With respect to adulthood, this Special Issue includes two works centered on solutions to cyberbullying suggested by college students from Canada [8] and characteristic features of criminal mediation in Spain [9]. The former presents as a relevant solution the development of a sense of belonging among college students, which should be achieved with the collaboration of all university stakeholders. The latter study shows that the adoption of agreements tends to be characterized by moral content regardless of the age of the respondent and the complainant. However, it was found that young adults constitute the group with more problems of physical violence. These results may lead the reader to reflect on the importance of mediation and students’ integration inside and outside educational system.
Several practical implications are offered by this Special Issue to improve mental health and interpersonal relationships throughout the three evolutionary stages examined. During childhood and adolescence, authors suggest applying programs centered on the development of empathy and inter- and intrapersonal emotional intelligence to prevent both bullying and cyberbullying or to reduce their impact on students’ wellbeing [4,5]. According to Garaigordobil [6] and Doumas and Midgett [7], psychopathological symptoms are specially worrying in adolescents, so it is recommended that interventions targeting learners of secondary education include strategies to manage, for example, depression and anxiety. Regarding adulthood, the study by Faucher, Cassidy, and Jackson [8] encourages researchers to listen to stakeholder groups at university, such as students or staff. Thus, similarities in their perceptions about possible solutions provide accurate information to design effective programs to address cyberbullying in higher education settings. Finally, Matás, Méndez, Esteban, and Soto [9] suggest implementing relationship care education at all educational stages not only to prevent violence, but also to facilitate mediation in adulthood.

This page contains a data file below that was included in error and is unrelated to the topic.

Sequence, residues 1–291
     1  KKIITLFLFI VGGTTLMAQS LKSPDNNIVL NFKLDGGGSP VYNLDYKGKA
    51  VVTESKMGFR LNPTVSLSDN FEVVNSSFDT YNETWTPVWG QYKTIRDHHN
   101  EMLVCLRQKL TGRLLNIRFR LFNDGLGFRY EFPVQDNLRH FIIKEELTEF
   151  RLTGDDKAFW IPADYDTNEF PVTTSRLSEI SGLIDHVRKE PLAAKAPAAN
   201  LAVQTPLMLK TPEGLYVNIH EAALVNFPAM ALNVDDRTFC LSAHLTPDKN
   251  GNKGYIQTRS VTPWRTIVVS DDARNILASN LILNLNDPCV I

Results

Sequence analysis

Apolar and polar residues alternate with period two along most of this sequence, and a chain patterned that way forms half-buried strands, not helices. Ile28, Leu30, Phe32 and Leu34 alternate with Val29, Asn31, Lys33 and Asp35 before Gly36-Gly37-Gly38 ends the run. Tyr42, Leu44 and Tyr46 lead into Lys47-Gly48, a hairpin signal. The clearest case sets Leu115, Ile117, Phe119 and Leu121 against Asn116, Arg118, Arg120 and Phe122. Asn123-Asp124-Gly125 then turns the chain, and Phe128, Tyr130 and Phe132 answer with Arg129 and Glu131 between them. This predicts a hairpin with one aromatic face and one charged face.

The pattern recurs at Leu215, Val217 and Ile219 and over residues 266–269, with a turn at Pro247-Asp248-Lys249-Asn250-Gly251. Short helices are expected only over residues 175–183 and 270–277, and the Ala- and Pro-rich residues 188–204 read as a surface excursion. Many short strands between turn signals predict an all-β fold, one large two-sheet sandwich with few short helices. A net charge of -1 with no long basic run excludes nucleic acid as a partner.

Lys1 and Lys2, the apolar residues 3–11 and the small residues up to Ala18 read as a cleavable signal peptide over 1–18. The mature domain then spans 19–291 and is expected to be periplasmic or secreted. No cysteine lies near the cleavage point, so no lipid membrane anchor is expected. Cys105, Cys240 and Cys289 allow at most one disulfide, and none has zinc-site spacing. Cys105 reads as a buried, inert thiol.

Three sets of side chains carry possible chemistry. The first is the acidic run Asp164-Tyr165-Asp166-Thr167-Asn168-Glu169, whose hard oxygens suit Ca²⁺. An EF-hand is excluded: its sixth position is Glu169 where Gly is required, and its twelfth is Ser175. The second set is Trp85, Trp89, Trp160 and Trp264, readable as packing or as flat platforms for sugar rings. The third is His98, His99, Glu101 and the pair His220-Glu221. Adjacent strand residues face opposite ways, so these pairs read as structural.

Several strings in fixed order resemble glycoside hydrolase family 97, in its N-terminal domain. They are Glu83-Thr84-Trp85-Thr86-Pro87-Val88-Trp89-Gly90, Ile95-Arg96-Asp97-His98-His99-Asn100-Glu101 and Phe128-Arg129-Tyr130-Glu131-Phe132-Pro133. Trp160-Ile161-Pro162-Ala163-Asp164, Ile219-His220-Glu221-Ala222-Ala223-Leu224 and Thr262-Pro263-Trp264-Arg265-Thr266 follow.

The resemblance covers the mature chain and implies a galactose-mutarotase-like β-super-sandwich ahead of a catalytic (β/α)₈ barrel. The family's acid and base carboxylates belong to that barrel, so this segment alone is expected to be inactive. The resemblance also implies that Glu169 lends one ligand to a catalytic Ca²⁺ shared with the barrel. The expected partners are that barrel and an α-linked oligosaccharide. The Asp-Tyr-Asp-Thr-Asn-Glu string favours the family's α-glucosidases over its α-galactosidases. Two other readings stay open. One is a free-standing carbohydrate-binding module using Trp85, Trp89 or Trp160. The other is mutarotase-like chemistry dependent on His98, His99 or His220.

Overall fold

In sum, this monograph allows us to conclude that cyberbullying and cybervictimization are a worldwide problem that needs to be address in primary, secondary, and higher education settings. Furthermore, students’ characteristics, according to gender and the three different roles that intervene in school violence situations (i.e., victims, aggressors, and bystanders), must be also considered. As a consequence, these findings can form the basis for collaboration among researchers and professionals of the Health, Psychology, and Education fields in the design of cyberbullying prevention and intervention programs.

Conflicts of Interest

The authors declare no conflict of interest.


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  6. Garaigordobil, M. Intrapersonal Emotional Intelligence during Adolescence: Sex Differences, Connection with other Variables, and Predictors. Eur. J. Investig. Health Psychol. Educ. 2020, 10, 899–914. [Google Scholar] [CrossRef] [PubMed]
  7. Doumas, D.; Midgett, A. Witnessing Cyberbullying and Internalizing Symptoms among Middle School Students. Eur. J. Investig. Health Psychol. Educ. 2020, 10, 957–966. [Google Scholar] [CrossRef] [PubMed]
  8. Faucher, C.; Cassidy, W.; Jackson, M. Awareness, Policy, Privacy, and More: Post-Secondary Students Voice Their Solutions to Cyberbullying. Eur. J. Investig. Health Psychol. Educ. 2020, 10, 795–815. [Google Scholar] [CrossRef] [PubMed]
  9. Matás, M.; Méndez, I.; Esteban, C.; Soto, G. Restorative Justice Education from Intrajudicial Criminal Mediation Associated Factors. Eur. J. Investig. Health Psychol. Educ. 2021, 11, 627–638. [Google Scholar] [CrossRef] [PubMed]
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MDPI and ACS Style

Ruiz-Esteban, C.; Méndez, I.; Fernández-Sogorb, A. Introduction to the Special Issue on Cyberbullying and Cybervictimization. Eur. J. Investig. Health Psychol. Educ. 2022, 12, 616-618.

AMA Style

Ruiz-Esteban C, Méndez I, Fernández-Sogorb A. Introduction to the Special Issue on Cyberbullying and Cybervictimization. European Journal of Investigation in Health, Psychology and Education. 2022; 12(6):616-618.

Chicago/Turabian Style

Ruiz-Esteban, Cecilia, Inmaculada Méndez, and Aitana Fernández-Sogorb. 2022. "Introduction to the Special Issue on Cyberbullying and Cybervictimization" European Journal of Investigation in Health, Psychology and Education 12, no. 6: 616-618.